Teachings of Jesus — Luke 12:13-21

Note: We are passing over a large amount of material duplicated in Matthew and Luke.

There is nothing in this passage offering a hint to the legal status of the estate the man asked Jesus to arbitrate. The most common case would be when one heir tries to keep an estate together and share ownership with the other heirs under the claim that it would be far more valuable to all of them if kept intact. If this were the case, Jesus’ response makes a lot more sense.

The man was asking Jesus to use His influence, but it implies making some kind of judgment about the disposition of property. The man was asking Jesus to support his side in the dispute. The issue was not divine justice, but petty rivalry and greed. Jesus denies having any jurisdiction in the case, but then goes on to explain why He has no interest in such things.

He turned to the crowd and told the parable of the Rich Fool. What made that man a fool? He was self-centered and short-sighted. The whole purpose for which God grants prosperity as a covenant blessing is to share with one’s family. The Law of Moses was a tribal covenant, not an individual covenant — a tribal feudal nation. As part of the Hellenization, there was an emphasis on the individual that did violence to the Covenant. Your typical wealthy Pharisee would simply hoard this wealth and look for ways to deny even his own parents. The whole idea of the Covenant was to make Israel a single nation, united in sharing the blessings of shalom as one people. This is not communism, but tribalism, and the details of the Law required it.

If a wise man prospers, he immediately seeks to distribute his excess in ways that really do bless people by encouraging holiness. He discerns the real needs and invests in the future generations to make his nation righteous. He wants to be found faithful when his time in this world ends. Granted, the Law demands that men seek to lay aside an inheritance for their heirs, so they come first, but the man in this parable was thinking only of his own personal comfort. Apparently this is the case of the man who asked Jesus to arbitrate for him.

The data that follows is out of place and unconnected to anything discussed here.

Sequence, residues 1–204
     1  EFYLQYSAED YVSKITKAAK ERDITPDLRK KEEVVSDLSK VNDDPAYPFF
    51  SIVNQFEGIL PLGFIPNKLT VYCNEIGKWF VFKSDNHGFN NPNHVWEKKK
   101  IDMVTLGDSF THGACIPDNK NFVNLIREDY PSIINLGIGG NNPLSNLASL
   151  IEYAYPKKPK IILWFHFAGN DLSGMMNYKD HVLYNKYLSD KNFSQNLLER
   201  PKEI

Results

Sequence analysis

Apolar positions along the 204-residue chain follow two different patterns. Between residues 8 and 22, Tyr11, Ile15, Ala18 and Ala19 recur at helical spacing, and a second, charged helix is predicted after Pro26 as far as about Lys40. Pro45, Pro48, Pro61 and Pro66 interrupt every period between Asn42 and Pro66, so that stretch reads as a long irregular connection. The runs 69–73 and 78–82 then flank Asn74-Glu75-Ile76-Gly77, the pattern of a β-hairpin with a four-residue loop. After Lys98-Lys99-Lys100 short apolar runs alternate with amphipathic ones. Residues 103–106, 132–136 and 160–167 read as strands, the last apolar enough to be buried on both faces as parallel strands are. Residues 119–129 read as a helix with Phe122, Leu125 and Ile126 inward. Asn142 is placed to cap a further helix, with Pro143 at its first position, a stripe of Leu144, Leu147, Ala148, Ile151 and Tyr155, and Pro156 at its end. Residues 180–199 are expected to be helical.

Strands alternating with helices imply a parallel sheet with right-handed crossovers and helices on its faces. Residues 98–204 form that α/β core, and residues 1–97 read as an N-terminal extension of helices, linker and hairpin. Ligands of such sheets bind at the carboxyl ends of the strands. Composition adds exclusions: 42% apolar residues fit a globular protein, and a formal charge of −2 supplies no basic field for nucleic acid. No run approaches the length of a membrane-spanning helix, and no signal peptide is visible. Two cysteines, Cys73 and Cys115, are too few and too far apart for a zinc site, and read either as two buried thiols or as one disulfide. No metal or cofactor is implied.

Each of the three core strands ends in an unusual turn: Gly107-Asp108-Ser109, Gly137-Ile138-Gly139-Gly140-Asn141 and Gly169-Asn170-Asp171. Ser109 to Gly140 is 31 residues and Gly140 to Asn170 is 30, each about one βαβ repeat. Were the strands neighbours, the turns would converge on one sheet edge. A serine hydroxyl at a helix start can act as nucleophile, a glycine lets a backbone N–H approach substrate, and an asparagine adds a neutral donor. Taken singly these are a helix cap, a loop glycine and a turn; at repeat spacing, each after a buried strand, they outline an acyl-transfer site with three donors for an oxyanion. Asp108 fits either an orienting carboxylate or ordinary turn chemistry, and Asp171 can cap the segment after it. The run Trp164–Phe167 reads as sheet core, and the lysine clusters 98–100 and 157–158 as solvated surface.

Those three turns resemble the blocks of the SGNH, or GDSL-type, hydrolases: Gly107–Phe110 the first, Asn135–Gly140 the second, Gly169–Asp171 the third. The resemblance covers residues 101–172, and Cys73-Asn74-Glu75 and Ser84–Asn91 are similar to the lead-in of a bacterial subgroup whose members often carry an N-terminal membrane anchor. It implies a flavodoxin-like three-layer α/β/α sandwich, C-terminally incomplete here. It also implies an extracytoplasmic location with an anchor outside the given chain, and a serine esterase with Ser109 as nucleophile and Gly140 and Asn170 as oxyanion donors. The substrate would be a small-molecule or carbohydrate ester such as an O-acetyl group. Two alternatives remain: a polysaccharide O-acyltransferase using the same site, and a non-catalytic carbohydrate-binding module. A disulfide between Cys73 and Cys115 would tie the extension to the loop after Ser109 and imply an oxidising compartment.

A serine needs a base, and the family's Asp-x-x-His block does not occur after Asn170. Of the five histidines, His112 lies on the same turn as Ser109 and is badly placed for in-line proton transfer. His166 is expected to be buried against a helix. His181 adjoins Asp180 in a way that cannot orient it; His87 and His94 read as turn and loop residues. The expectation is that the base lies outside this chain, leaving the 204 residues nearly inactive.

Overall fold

Thus, the parable ends with the solemn question: “Then whose shall be those things which you have prepared?” Who was supposed to get that stuff in the first place? If you have no plan for passing this stuff forward to your kin — your responsibility — then you are a fool. And if not your own kin, there will always be needy folks in your vicinity who would bless the Lord for your generosity to them. But the whole purpose God grants prosperity is for the glory of His name.

About Ed Hurst

Disabled Veteran, prophet of God's Laws, Bible History teacher, wannabe writer, volunteer computer technician, cyclist, Social Science researcher
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2 Responses to Teachings of Jesus — Luke 12:13-21

  1. Jay DiNitto says:

    Would Jesus’ judgment in the arbitration here be binding. As in, would His decision as a rabbi hold weight in the matter? If so, interesting bit of history there, that preachers could have that kind of power (not that the Roman occupiers would necessarily see it the same way).

    Like

  2. Ed Hurst says:

    No, the man was asking Jesus to use His influence. There’s no reason to think a rabbi had any legal authority, but they may have some influence on the court, rather like a strong “friend of the court” brief.

    Like

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